The plan drew immediate support from Heritage Action and Sen. Mike LeeMike LeeBooker is taking orders from corporate pharmaceuticals Paul, Lee call on Trump to work with Congress on foreign policy Right renews push for term limits as Trump takes power MORE (R-Utah), the architect of the original defunding strategy, suggesting that even the most stringent ObamaCare critics could find it acceptable in the coming weeks.
The Graves bill differs from leadership's in several ways. For one, it would fund the government for one year instead of the three months proposed by House Majority Leader Eric CantorEric CantorRyan reelected Speaker in near-unanimous GOP vote Financial technology rules are set to change in the Trump era Trump allies warn: No compromise on immigration MORE (R-Va.). In hard numbers, Cantor's plan would keep the government on a top-line level of $986 billion as dictated by the 2013 sequester. The Graves bill would use the $967 billion level called for by the 2014 sequester, which called for deeper cuts.
Read more about the Graves bill at Healthwatch.
Delay strategy takes shape: While Graves's bill proved popular on Thursday, other lawmakers are still putting together an alternate strategy that calls for delaying the healthcare reform law — all of it — by one year. Rep. John FlemingJohn FlemingCoast Guard suspends search for missing Ohio plane Freedom Caucus member to bring up bill on impeaching IRS chief GOP seeks to make it 52 MORE (R-La.) is spearheading an effort to demand an ObamaCare delay as a condition for raising the country's debt limit, rather than seeking to defund it through a spending bill.
Fleming said Thursday that his strategy would delay the entire law, including provisions that have already taken effect.
"We would delay everything, even taxes. You would get refunds if you made tax payments, you'd get that refunded to you," he said.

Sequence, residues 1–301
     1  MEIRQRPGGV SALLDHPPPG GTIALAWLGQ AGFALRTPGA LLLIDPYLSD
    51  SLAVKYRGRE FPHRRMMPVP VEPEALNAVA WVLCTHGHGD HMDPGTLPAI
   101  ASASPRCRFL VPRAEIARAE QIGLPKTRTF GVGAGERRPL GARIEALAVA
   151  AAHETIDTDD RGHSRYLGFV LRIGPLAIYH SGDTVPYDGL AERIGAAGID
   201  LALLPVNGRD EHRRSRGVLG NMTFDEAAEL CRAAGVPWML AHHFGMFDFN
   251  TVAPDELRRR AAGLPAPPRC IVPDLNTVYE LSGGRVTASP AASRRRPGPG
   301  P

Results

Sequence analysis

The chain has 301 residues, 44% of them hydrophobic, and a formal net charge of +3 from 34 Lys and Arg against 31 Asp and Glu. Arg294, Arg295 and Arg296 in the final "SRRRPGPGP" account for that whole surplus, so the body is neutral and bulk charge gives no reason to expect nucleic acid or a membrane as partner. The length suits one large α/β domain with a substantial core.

The government is expected to hit the debt limit in mid-October, and people can begin signing up for ObamaCare's new insurance exchanges on Oct. 1.
So, what would happen to people who already signed up if the law is delayed? Their coverage wouldn't kick in as scheduled, Fleming said.
"They would probably option into it, and I don't know whether they send a check or not, or get a bill, but even if they did, they would have the money refunded," Fleming said. "Because again, their coverage doesn't go into effect until Jan. 1, so that gives us three months to get all that resolved."
Another GOP governor embraces Medicaid: Pennsylvania Gov. Tom Corbett will likely become the latest Republican governor to embrace ObamaCare's Medicaid expansion, the news site Lancaster Online reported Thursday. Pennsylvania would be the 27th state to adopt the expansion. It would cover roughly 680,000 people in the state, according to Lancaster Online.
Healthwatch has the story.
Lessons from Part D: The American Acton Forum, the think tank led by former Congressional Budget Office Director Douglas Holtz-Eakin, released a new analysis Thursday of the experience implementing Medicare Part D. The lessons, according to the AAF: Competition works.
“Rather than dismissing the role of competition in Part D’s success, it would be better to learn from the program’s experience and apply these lessons in the context of other government programs. In short, Part D's success should make it a model for future programs and future reforms," Holtz-Eakin wrote.
The analysis is available here.
State by state
Sebelius bargains with governors to shore up health law
Report: Detroit may pay retirees to buy insurance through exchanges
Goldwater Institute sues over Ariz. Medicaid law
Health Policy Source / Missouri Hospital Association
Health Policy Source / Elsevier
Health Policy Source / North Carolina Hospital Association
Unions' misgivings on health law burst into view
ObamaCare insurance co-ops at the starting gate
US measles tally already among worst in 15 years
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